This book investigates how policy questions are framed and under which circumstances they are reframed. Compared to previous studies, it examines both how parties frame and the evolution in frames on a structural level. It argues that parties are situated in a context and an ongoing framing process in the public debate at a structural level when they frame. A systemic logic governs the struggle over frames in the debate (facilitated by the news media) that leads to a certain level of stability in framing where one frame dominates. Parties and other elite actors adopt certain frames because other parties and elite actors do so, while struggling over how to understand the policy question in the future. Parties thus face a trade-off and have to compromise between promoting their own favorable frame (that aligns with their ideological belief) and adopting their opponent’s (unfavorable) frame (if it dominates the debate).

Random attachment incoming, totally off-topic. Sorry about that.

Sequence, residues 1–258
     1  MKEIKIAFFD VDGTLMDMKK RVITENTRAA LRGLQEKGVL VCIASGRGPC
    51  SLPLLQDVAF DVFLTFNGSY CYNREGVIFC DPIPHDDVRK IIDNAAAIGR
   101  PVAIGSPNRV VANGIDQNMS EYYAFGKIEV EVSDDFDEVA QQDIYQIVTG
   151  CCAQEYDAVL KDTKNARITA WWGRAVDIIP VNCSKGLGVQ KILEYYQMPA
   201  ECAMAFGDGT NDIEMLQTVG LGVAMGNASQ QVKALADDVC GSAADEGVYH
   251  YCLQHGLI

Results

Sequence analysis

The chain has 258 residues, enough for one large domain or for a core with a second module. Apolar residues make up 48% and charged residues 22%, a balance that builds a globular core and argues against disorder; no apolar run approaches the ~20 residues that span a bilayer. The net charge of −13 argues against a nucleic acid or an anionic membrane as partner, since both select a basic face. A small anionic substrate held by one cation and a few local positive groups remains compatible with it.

While some parties want to sustain the dominant frame, others want to change it. Sometimes a new dominant frame rises. A simple analytic model is proposed to understand the reframing process. Two types of contextual changes (substantial policy changes and critical information) may lower the threshold for reframing. Three characteristics of how parties (and other elite actors) frame describes this process: political frame attention, political frame overlap, and the frame being commonly adopted and accepted. The argument about framing and reframing was generally supported in a comprehensive examination of the evolution in frames across four individual policy questions in Denmark for more than two decades.
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